Robin Hammond’s “Condemned”
Award-winning photojournalist Robin Hammond Explores Mental Illness in Africa
One of the first projects I want to promote from MIPJ 2014 is that of photojurnalist Robin Hammond, whose work on mental illness in Africa has won—and truly deservingly—multiple venerated international awards, including the book published by MIPJ partner FotoEvidence, and which I featured in one of my HuffPost pieces.
Because of his work and experiences having had such a profound effect on him as both a photographer and as a human being, Hammond is trying to bring as much attention to this issue as possible—inclusive of promoting a petition to make this issue at the forefront of UN efforts, and also asking people to sponsor copies of his book being sent to influential parties internationally, who have some capacity to determine where money is spent, and where attention can be focused when it comes to one of the world’s most vulnerable populations.
The importance of this issue is often missed in international action; without attention to the psycho-social and mental health issues of vulnerable populations, including those during and post-conflict or crisis, any aid, recovery and development efforts have a much lower chance of working.
The reason: those who are suffering whatever psychological issues or trauma cannot actively participate in recovery efforts. And it is logical that those exposed to stressors common among those in the developing world, or among vulnerable, failing or failed states, would inherently be dealing with some kinds of psychological factors.
Also deeply important: those suffering psychological trauma and mental illness are often castigated, shunned, and seen as abominations or embarrassments. Their treatment is often substandard, if not inordinately cruel. They are, as Robin Hammond’s book suggests, condemned—and seen as less than human.
The response: jails, chains, physical and psychological abuse and even exorcism are common in the developing world. As is ignoring mentally ill men, women, and children entirely.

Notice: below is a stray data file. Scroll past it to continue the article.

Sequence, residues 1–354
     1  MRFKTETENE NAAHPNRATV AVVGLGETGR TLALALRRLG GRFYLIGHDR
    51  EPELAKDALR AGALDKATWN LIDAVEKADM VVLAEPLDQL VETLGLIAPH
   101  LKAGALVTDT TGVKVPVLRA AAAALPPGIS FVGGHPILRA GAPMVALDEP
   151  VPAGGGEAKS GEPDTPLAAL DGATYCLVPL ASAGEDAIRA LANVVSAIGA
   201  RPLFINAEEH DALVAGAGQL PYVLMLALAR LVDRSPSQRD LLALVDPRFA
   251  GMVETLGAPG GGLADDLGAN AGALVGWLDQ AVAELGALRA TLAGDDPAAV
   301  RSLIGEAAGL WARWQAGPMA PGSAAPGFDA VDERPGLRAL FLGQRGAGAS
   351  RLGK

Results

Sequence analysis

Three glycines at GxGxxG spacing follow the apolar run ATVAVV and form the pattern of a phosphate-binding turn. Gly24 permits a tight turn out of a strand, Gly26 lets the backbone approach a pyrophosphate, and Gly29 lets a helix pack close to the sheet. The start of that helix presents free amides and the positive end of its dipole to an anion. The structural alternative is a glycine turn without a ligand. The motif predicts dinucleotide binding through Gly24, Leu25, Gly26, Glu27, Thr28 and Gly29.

Among those who are interested in monitoring and evaluation (M&E) of aid, recovery, and development efforts, including efficacy of programs and accountability when it comes to funds being allocated and spent, this is one of the first questions that should be asked:
Have any effective, scientific impact assessments been done in terms of the psycho-social/mental health of a vulnerable community been done? And if not, why?
There are multiple scientific instruments that can be utilized to do this work, known among emergency and public health professionals internationally, which can make such assessments, are inexpensive, and can be done in a short period of time.
And no, this does not include a head count of those to be served as quantitative data.
If this is NOT done, then any projections about the use, efficacy, and short- or long-term effects of any intervention cannot potentially be seen as complete, or taking all necessary considerations into account. It can also be seen as negligent.
For this reason, mental health issues among these communities should be seen as one of the first pillars of any humanitarian, human security, or corrective action—including in emergency efforts.
Human resilience—if not decency, and efficacy of efforts—requires it.
Hammond’s work, including interview, multimedia of his work, links, and photos may be found here, via the multimedia edition of MIPJ 2014. The digital flipmag edition of MIPJ 2014, including Hammond’s work, may be found here, available without paywall until December 31, 2014.